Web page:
Do you listen to sound advice? Is there too much vulnerability on the Internet? What happens when you get a potentially dangerous issue and don’t listen to what people say? Let me just say that there will be consequences for sticking your head in the sand, so to speak. Leading security experts are advising the general public to change their passwords in the aftermath of the Heartbleed bug, found at the very core of the Internet. If I were you, I would sit up and listen to that advice.
The advice should be considered as a sweeping one. ALL of your passwords should be changed. And yes, that includes your financial banking ones, your email accounts, your social networks and anywhere that you have visited to buy anything online.
The Heartbleed security bug affects a widely used technology known as OpenSSL. This technology is used to encrypt communications on the Internet. You will have encountered OpenSSL nearly every time you have visited a website. You know it is there because there is a visual representation in the form of a little padlock image in the corner of your browser window, indicating the website is ‘secure’
Unfortunately, a team of three security researchers have established a fatal flaw at the core of some versions of OpenSSL, which could have let hackers steal password and other personal data without a trace, leaving no way to follow them, for up to two years.
Whilst the software flaw has been fixed and is being rolled out by different companies worldwide, the problem is too late if your communications have been followed by hackers at any period of time in the last two years.
In the last few days it has become substantially easier for anyone to exploit the hack, security company NCC Group has warned. “The level of knowledge now needed to exploit this vulnerability is substantially less than it was 36 hours ago…Someone with a moderate level of technical skills running their own scripts – the Raspberry Pi generation – would probably be able to launch attacks successfully and gain sensitive information,” the firm told the BBC.
Meanwhile, the blogging platform Tumblr has advised users to change all of their passwords and not just for its own site.
They said in a statement, “Bad news. A major vulnerability, known as “Heartbleed,” has been disclosed for the technology that powers encryption across the majority of the Internet. That includes Tumblr. We have no evidence of any breach and, like most networks, our team took immediate action to fix the issue. But this still means that the little lock icon (HTTPS) we all trusted to keep our passwords, personal emails, and credit cards safe, was actually making all that private information accessible to anyone who knew about the exploit.This might be a good day to call in sick and take some time to change your passwords everywhere—especially your high-security services like email, file storage, and banking, which may have been compromised by this bug.”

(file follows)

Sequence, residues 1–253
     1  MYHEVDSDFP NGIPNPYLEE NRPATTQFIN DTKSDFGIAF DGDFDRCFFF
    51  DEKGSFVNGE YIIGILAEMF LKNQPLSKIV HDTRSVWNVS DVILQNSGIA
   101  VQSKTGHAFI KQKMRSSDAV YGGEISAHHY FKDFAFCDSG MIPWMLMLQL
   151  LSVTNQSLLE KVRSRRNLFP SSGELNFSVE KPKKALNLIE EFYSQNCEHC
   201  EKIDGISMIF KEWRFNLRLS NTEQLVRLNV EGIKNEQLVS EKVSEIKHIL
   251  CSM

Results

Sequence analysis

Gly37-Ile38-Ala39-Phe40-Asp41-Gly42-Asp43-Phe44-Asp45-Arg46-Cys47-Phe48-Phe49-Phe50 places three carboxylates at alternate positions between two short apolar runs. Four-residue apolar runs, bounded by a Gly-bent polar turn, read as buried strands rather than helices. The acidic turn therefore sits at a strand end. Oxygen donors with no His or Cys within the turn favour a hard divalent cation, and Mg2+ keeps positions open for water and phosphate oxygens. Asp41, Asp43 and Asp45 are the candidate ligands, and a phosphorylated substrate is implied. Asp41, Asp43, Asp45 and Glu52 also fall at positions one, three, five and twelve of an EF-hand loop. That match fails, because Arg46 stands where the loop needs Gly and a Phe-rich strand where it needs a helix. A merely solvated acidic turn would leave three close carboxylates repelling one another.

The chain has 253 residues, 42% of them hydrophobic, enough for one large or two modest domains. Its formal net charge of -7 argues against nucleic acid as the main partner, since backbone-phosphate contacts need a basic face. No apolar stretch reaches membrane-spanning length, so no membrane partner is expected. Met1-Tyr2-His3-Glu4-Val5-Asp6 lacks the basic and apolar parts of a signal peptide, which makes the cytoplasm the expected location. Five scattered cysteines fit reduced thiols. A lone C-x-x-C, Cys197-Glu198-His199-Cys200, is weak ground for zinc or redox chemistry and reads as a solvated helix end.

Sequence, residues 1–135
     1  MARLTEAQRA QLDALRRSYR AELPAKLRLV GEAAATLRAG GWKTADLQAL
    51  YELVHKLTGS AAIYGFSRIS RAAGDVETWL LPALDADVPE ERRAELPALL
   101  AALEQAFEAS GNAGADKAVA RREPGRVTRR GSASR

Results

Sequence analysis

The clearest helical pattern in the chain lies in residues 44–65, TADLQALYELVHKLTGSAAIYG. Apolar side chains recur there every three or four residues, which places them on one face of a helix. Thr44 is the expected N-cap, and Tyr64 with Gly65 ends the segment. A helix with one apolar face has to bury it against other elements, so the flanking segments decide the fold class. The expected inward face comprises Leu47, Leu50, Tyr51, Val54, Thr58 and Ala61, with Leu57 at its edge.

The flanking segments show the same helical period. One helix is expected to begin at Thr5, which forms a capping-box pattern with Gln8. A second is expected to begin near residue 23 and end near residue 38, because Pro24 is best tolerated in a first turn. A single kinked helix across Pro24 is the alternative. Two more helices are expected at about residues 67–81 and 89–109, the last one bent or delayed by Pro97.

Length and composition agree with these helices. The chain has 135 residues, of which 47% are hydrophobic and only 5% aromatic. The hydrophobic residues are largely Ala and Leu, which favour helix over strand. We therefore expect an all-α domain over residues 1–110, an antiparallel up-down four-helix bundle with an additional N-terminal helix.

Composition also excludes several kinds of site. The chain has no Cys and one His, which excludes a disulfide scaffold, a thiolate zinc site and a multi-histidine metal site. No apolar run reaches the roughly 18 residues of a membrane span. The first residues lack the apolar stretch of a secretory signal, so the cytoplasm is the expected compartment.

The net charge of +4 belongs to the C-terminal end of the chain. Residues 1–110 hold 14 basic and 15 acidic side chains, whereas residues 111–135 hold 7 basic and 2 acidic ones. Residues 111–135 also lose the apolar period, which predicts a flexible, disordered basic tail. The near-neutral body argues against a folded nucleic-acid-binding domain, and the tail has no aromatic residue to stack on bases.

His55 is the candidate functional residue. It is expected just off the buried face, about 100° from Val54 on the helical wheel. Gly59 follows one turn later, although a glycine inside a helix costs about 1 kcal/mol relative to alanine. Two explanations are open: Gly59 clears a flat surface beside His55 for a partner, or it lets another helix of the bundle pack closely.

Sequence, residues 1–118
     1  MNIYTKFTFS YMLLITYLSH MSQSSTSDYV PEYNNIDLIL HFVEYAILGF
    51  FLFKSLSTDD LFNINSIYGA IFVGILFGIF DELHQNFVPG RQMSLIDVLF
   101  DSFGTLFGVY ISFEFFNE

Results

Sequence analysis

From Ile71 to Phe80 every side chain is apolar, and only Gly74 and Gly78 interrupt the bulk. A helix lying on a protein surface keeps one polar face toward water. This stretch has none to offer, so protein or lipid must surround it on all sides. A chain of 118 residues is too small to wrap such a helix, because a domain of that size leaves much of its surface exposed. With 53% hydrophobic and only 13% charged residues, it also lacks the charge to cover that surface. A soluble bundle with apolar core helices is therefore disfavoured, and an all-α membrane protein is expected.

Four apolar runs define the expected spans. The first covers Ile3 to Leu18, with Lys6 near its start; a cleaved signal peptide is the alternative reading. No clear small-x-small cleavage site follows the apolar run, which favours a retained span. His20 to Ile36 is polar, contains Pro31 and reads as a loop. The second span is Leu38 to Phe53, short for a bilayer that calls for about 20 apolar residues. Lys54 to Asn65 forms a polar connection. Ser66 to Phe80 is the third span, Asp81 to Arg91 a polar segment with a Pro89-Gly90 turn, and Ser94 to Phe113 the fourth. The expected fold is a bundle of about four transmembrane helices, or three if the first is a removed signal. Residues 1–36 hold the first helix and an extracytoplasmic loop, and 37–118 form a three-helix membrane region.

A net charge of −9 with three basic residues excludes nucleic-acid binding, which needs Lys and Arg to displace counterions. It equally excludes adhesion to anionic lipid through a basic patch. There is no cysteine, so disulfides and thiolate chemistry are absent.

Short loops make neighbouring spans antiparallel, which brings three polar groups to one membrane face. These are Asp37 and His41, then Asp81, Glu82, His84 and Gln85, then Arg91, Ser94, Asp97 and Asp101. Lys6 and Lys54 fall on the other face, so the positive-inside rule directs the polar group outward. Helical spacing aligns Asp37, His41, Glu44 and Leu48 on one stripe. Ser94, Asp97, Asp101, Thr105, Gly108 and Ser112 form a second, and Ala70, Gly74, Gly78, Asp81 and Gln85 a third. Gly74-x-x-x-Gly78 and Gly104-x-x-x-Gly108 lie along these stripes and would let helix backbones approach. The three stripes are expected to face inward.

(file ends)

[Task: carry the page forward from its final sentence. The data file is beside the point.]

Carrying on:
A security researcher at Google and three researchers from Codenomicon discovered the bug. Worryingly, the vulnerability has existed since at least December 2011, though it is unclear if hackers have used it. The team of researchers who found it add that there is a “bright side” to their discovery, “For those service providers who are affected this is a good opportunity to upgrade security strength of the secret keys used. A lot of software gets updates which otherwise would have not been urgent. Although this is painful for the security community, we can rest assured that infrastructure of the cyber criminals and their secrets have been exposed as well.”
OpenSSL released the following statement along with the patch, “A missing bounds check in the handling of the TLS heartbeat extension can be used to reveal up to 64k of memory to a connected client or server. Only 1.0.1 and 1.0.2-beta releases of OpenSSL are affected including 1.0.1f and 1.0.2-beta1. Thanks for Neel Mehta of Google Security for discovering this bug and to Adam Langley and Bodo Moeller for preparing the fix.”
As always, if you would like to leave a sensible comment, then please do so in the comments section below.
[Image via cultofmac]